Today I am headed to Los Angeles. It feels strange to wrestle the throngs headed west with me—the parents of shrieking babies, the waxy men and women who’ve put their faces under the knife, the irritable flight attendants, the svelte yoga chicks, the potbellied businessmen, the ill, the elderly, the pierced and tattooed, the electronically addicted, the preppy dudes in first class talking across the aisle about fairways and golf balls and caddies.

I see a mother with her boy who must be a few years younger than Calvin. My eyes linger on him waiting to see what he does next. He moves effortlessly—tetherless—from one airport gift shop display to the next. His eyes fix on objects, on his mother, then he asks her for candy. Words stream from his mouth in perfect syllables. She understands him. She knows what he wants, but denies him. The boy doesn’t melt into a tantrum, doesn’t flop onto the ground when she asks him to come. Instead, he floats and buzzes around her, quietly, like a faerie. She floats, too, unburdened, her hands free, her eyes on the gate ahead trusting that her son is flitting close behind.

Once seated, I open my book, The Reason I jump. It is written by a thirteen-year-old Japanese boy who has autism. He is telling me why kids with autism do what they do, and I feel I am reading about my boy Calvin, perhaps learning better how he ticks. The author is telling me that Calvin’s behavior isn’t his fault, and while I know that to be true, I need to be reminded. At once, I want to turn the plane around, haul ass back home, scoop Calvin up and kiss him all over—my floppy, wordless, legally blind, autistic, seizure-stricken, drugged up, hyper, developmentally delayed, precious boy. And it's an unsettling feeling to realize that no destination in the world will ever feel completely good and right as long as I know that Calvin can’t be there floating along beside me.

photo by Michael Kolster



In less than twenty-four hours I’ll be boarding a plane for California. I’m mostly looking forward to it, though I’m already missing Calvin, Michael and Rudy the shit-for-breath dog. It’s a bit of a catch-22 in that I desperately need a break from my son and the cold and the snow and the ice and the tedium, while at the same time I worry and loath leaving because Calvin is still sick and bound to have seizures as a result.

Last night on the phone my friend Elizabeth (my blogger, dragon-mom friend from Los Angeles with whom I’ll be visiting for half of a day) told me I need this break. She underscored that, having somewhat adjusted to life with Calvin as being a kind of new normal, I’m probably not even aware of how badly I need it. But I do know, for my health, I’ve got to be able to enjoy a night or two without getting up five times like I did last night, and I need to be able to sleep in past six o’clock. For my psyche, I need to relinquish all that is Calvin-centric: the shopping, the meal-making, the pill-cutting, the dispensing, the bathing, the dressing, the laundry, the feeding, the diaper changing, the walking around, the lifting, and instead enjoy a hiatus free from my whiny-ass, drooling, pigeon-toeing, stubborn, loud, hyper, albeit mostly adorable, kid.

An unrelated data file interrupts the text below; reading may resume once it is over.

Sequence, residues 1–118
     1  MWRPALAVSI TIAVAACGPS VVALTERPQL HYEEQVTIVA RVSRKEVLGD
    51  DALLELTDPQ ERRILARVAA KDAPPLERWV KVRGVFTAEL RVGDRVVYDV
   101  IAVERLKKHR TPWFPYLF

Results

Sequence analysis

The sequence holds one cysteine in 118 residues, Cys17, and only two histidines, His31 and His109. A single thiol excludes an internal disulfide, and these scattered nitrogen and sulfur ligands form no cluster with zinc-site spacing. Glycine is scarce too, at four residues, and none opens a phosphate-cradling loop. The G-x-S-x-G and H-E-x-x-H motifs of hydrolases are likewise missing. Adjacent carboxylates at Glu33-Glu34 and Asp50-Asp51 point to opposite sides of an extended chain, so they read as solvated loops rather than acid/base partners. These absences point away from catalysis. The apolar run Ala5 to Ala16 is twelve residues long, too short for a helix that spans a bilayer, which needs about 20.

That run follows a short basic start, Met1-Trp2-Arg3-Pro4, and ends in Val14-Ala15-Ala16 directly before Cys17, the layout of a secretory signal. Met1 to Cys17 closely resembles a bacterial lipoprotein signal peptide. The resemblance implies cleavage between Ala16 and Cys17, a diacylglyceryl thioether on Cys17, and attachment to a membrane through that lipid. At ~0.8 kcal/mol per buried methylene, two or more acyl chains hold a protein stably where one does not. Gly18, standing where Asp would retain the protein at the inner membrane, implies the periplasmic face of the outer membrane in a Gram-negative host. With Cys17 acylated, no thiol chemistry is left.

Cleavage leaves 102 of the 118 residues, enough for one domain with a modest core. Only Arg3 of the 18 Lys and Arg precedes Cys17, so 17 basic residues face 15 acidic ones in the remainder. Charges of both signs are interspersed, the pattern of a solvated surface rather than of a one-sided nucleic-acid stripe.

On the agenda: soaking up tons of sun to make up for my vitamin D deficiency; wearing tank tops and flip-flops; enjoying inordinate amounts of laughter and reminiscing with my dear friend Seti, who is really more like a sister; more shits and giggles with my friend Elizabeth who, by the way, I have never met in person, and with whom I’ll be discussing, among other things, her daughter Sophie’s recent success with medical marijuana; a quiet train ride to San Diego to meet up with my brother Scott, who is flying in from Tucson to see me, my sister Caron, my brother Matt and his wife Stacey, and of course my eighty-four year old mother, Harriette.

Caron is hosting a belated birthday party for my mom, and inviting a few of her friends who know and love my mother and have watched her fade over the years. We’ll tease my mom about her boyfriend, Mike, who has taken her on motorcycle rides in the past. Mom will do things like try to eat off of other people’s plates, suck down wine from any and all abandoned glasses, stick her tongue out at us when we tease her, laugh at jokes and make some of her own. I’ll try to give Matt and his wife a bit of a break and help take care of Mom much as possible because, to a great degree, I know what it’s like to be in their shoes.

Then, the following Monday I’ll be saying good-bye to the California sun—it’s supposed to be in the seventies and eighties—to board the red-eye from San Diego home. At that point it’ll be one week closer to spring in Maine, one week closer to giving Calvin his first tincture of medical marijuana, and just hours away from hugging my boy, holding Michael close and petting Rudy, the ninety-one year old dog.


friday faves - margarita mamas on mars

From November 2011. I was inspired to repost due to a nice gathering of women last night:

There’s few things better than sitting on a red vinyl and chrome stool—Danny behind the bar crafting grapefruit margaritas—with a couple of chicks over a platter of nachos at the local Mexican hangout.

It all started with Calvin ... and Ellis. Ellis is one of Calvin’s classmates in his first grade mainstream homeroom. I’d met her at school and then again while out for sushi with my in-laws. She’d introduced me to her mom then, who seemed nice enough.